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call statements - use them or lose them?

Discussion in 'Embedded' started by Pokey, Jan 5, 2006.

  1. Pokey

    Pokey Guest

    I've been toying around with PIC processors for awhile and I've always
    written CALL statements. It's nice to have repeatable functions and it
    makes the code easier to read.

    Recently my CPU crashed and after hours of research, checking over
    hardware, etc., I discovered that it actually ran out of stack space.
    I suspect that I had too many levels of call statements (more than 10
    deep at times). I took out a few and fixed it.

    The other day I came across a message that said to "never use CALL
    statements" in assembly. The reason is, you're relying on memory
    reads/writes and memory on PICs can and will fail leading to hours of
    troubleshooting and/or strange operation (kind of like my experience).

    Should this be a major concern? Should I remove the CALL statements
    and just use sloppy GOTOs instead? Or was the author overboard?
    Pokey, Jan 5, 2006
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  2. Pokey

    Kurt Harders Guest

    Thats true if...
    you have practically no memory limitations...
    but you should use it to avoid duplication of code.
    Using gotos would result in much more code, which may not fit into your
    EEPROM/FLASH. So use subroutines when code is duplicated, but not for
    nested structuring of your code. It may still be feasable to use one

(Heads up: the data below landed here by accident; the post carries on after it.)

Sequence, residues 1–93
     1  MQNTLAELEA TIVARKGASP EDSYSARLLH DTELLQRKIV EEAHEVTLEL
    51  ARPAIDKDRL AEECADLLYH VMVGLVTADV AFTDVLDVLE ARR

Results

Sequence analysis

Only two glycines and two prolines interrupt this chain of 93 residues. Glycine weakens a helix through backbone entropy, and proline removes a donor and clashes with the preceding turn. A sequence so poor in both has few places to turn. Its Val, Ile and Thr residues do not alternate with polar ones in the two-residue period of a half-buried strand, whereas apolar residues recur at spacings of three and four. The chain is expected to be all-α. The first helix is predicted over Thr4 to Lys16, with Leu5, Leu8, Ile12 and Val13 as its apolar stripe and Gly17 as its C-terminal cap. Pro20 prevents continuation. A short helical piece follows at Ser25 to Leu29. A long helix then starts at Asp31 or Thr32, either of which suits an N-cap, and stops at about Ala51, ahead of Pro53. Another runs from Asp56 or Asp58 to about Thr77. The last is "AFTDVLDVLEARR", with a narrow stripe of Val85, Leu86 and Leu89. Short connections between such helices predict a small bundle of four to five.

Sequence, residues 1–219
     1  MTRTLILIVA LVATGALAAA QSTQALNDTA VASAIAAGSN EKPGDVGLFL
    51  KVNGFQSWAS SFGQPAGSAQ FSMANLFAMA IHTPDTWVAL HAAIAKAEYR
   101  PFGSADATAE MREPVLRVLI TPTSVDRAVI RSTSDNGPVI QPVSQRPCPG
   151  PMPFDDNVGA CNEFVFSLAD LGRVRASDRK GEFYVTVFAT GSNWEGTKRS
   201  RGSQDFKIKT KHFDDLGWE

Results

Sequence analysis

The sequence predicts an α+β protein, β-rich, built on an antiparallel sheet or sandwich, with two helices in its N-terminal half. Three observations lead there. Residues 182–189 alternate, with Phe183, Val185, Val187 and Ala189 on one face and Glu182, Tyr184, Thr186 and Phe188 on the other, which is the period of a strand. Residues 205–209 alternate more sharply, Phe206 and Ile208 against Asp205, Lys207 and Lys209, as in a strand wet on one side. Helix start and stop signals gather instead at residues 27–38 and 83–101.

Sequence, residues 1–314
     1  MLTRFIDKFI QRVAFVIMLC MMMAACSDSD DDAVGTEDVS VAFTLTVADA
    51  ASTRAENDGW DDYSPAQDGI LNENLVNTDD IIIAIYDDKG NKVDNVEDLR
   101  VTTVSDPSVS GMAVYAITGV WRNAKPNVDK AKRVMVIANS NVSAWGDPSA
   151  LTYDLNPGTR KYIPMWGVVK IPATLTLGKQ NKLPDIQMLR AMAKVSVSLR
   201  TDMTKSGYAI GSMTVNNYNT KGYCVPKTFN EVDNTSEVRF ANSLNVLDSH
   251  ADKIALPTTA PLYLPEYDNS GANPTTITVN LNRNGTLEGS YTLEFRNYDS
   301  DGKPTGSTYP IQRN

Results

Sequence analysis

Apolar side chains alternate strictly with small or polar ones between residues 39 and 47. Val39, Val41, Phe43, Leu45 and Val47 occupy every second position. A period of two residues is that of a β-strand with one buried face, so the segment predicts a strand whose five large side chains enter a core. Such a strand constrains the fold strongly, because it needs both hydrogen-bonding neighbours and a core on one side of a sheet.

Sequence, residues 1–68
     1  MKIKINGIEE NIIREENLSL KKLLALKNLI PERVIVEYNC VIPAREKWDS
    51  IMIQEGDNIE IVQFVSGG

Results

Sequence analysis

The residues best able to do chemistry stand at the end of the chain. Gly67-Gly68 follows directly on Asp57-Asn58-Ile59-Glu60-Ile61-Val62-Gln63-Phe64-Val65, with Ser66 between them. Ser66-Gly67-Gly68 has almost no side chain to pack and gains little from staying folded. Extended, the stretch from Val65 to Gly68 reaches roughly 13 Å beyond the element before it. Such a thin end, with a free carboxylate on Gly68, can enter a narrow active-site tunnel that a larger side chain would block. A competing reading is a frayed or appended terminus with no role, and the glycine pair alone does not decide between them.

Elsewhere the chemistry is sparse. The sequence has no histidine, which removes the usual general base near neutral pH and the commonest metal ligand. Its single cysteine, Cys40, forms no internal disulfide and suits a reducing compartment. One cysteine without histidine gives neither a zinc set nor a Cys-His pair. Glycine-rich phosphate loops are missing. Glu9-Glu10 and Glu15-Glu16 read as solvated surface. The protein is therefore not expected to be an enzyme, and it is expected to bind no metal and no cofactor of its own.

level for structuring.

    Regards, Kurt
    Kurt Harders, Jan 5, 2006
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  3. Pokey

    Dave Hansen Guest

    I haven't messed with PICs for a while, but...
    IIRC, most of the PIC16 family only have 8 levels of stack, including
    interrupts. Structuring your code with call/ret isn't a really good
    If a function is called from only one location, it probably makes
    sense to goto rather than call it (and goto rather than ret at the end
    of the function).

    Or simply write it in-line. This will save even the goto
    instructions, though it may make the code harder to read. The C
    compiler I used (CCS) would do this automatically -- even though the C
    code indicated a function was being called, the code was plunked
    in-line at the machine code level..

    But calling utility functions, functions that are called from more
    than one location, is a serious win. It not only saves memory, it
    simplifies maintenance by eliminating duplicated code.

    The "reason" given is nonsense. Memory can fail in any device, and if
    you can't trust your memory to hold an address long enough to return
    to the right place, you can't trust it to do simple arithmetic either.
    Following his advice would mean abandoning the interrupt mechanism as
    well, or avoiding jump tables (which are the only means of
    implementing tables of constants in the PIC).

    Dave Hansen, Jan 5, 2006
  4. Pokey

    Robert Scott Guest

    When you are using a PIC with limited stack space, you have to check
    for yourself that you are not calling too many levels deep. You
    cannot program as if you were writing for a PC when you do embedded
    systems programming. It is worth noting that if you use C, the CCS
    compiler (and probably most others too) will analyze the calling tree
    and report the depth of stack used. Also, a C compiler will often
    optimize away a call by replacing it with a goto or by placing the
    called function inline.

    -Robert Scott
    Ypsilanti, Michigan
    Robert Scott, Jan 5, 2006
  5. YES!

    If memory reads/writes on PICs are not reliable, then you
    bloody well better be concerned.
    If memory reads/writes aren't reliable it really doesn't matter
    what sort of code you write. Might well just fill the code
    space with NOOPs and call it done.
    Grant Edwards, Jan 5, 2006
  6. Pokey

    Bob Stephens Guest

    Yes indeed. What are you (the OP) talking about?
    If your micro can't read and write it's own memory, you're pretty well